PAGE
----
For four, because I like fours and nearly typed that as Four four: Two years ago, at about this time, I should have been getting ready to graduate college and get commissioned in the Marines. (Do we notice a theme?) Instead, five years ago, at about this time, I was home on Spring Break and finding out that I had three bones fractured in my foot. (Again, theme, noticing?) By the end of April, I was home for good.

Perhaps I'm just being over dramatic in thinking that the universe likes to shit on my springtime, and that bad things happen other times of year. It's entirely possible. My Grandmom died the day after my birthday. I'm not quite sure when Granny died -I was very young and do not have my mother's memory, as established- but I recall it being very cold for her funeral, so I imagine it was winter. And my brother went to West Point starting in the early summer, which was a great injustice to a younger sibling who had been but a year behind him in school and was now facing senior year without that very constant presence in their life.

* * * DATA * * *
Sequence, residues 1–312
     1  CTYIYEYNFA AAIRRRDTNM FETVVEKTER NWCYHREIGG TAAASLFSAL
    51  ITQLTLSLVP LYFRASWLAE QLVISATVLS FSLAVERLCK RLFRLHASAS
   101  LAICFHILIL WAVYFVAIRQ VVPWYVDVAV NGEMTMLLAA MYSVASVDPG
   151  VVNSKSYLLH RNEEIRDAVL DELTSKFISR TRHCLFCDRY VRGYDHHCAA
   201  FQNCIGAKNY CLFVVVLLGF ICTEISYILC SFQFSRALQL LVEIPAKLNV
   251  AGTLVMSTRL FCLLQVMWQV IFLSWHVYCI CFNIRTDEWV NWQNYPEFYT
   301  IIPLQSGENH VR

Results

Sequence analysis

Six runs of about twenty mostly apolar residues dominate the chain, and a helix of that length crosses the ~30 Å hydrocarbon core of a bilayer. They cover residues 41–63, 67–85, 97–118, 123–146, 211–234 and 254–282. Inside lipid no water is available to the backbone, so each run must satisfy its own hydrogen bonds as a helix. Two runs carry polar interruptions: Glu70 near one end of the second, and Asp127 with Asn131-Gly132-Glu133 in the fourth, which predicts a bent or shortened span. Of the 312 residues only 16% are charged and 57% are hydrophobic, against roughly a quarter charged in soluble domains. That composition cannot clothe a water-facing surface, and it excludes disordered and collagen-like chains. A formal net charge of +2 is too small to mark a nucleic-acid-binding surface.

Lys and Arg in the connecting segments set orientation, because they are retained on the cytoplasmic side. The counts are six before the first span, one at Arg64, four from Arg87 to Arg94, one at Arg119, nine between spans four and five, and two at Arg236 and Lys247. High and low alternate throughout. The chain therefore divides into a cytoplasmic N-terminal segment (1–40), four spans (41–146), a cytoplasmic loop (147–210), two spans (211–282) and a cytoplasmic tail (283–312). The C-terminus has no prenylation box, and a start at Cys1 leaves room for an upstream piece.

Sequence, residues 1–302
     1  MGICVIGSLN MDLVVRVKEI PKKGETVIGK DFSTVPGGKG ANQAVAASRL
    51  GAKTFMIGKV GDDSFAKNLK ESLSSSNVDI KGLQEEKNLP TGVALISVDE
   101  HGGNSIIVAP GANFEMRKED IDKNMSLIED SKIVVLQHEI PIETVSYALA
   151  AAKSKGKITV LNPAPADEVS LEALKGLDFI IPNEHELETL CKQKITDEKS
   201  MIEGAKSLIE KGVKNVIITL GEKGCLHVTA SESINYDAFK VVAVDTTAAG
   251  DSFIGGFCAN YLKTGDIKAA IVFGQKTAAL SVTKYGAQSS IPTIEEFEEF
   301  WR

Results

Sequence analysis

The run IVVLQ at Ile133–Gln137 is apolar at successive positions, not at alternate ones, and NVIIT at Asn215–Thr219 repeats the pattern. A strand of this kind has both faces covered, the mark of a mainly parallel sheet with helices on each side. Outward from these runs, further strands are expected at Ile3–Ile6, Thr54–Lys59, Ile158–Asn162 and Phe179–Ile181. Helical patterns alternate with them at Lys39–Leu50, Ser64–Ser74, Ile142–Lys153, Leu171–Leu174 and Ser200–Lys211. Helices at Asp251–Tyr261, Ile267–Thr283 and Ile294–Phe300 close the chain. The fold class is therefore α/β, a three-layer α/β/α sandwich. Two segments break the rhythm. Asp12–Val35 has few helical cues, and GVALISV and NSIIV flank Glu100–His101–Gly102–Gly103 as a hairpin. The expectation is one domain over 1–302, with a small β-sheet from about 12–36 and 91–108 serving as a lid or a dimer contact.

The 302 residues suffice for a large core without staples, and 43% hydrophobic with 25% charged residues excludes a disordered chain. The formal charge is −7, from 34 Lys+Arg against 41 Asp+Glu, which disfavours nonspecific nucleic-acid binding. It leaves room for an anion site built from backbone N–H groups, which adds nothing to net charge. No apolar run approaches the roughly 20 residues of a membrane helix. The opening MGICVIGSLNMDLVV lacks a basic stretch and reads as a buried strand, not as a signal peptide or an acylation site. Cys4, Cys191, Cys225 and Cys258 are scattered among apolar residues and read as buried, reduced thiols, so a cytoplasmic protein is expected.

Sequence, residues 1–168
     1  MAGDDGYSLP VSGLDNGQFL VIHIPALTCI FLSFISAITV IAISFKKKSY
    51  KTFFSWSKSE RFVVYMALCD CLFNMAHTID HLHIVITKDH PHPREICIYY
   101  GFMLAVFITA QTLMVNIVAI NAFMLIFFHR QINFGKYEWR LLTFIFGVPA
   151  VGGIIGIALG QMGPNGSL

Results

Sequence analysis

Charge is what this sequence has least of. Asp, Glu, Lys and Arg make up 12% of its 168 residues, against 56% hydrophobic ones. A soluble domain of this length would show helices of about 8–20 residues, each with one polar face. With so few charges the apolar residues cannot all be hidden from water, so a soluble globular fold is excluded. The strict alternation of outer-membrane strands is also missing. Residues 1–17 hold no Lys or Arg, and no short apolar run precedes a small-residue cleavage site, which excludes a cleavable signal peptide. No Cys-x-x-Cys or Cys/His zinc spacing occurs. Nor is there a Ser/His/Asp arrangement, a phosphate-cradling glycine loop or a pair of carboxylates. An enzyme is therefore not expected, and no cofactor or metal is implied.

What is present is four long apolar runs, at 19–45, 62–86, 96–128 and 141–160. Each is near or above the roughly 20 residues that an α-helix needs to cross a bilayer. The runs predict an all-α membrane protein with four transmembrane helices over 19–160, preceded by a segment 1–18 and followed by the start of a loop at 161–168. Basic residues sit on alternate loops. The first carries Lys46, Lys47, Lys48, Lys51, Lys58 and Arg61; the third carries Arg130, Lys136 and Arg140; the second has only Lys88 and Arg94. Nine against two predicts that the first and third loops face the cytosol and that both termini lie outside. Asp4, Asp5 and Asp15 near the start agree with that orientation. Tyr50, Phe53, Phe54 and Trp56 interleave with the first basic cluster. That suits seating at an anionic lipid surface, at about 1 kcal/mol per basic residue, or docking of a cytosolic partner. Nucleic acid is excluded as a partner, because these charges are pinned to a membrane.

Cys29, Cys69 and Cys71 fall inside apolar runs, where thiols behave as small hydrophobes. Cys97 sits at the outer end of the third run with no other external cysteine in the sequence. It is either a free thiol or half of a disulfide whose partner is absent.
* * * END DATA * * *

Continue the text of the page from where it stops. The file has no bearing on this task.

Seriously. I held it together until the lunch the day we dropped him off. At which point no amount of internal fortitude could keep me from crying quite quietly into my sandwich. (Ham on rye. I only remember this because I only eat ham as far as lunch meat goes, and I abhor rye but thought it was normal wheat bread, which I will only eat under duress a.k.a. they didn't have white. Stupid fancy luncheons.) I was apparently doing an admirable job of silent distress; Mom didn't even notice until another parent discreetly pointed it out to her.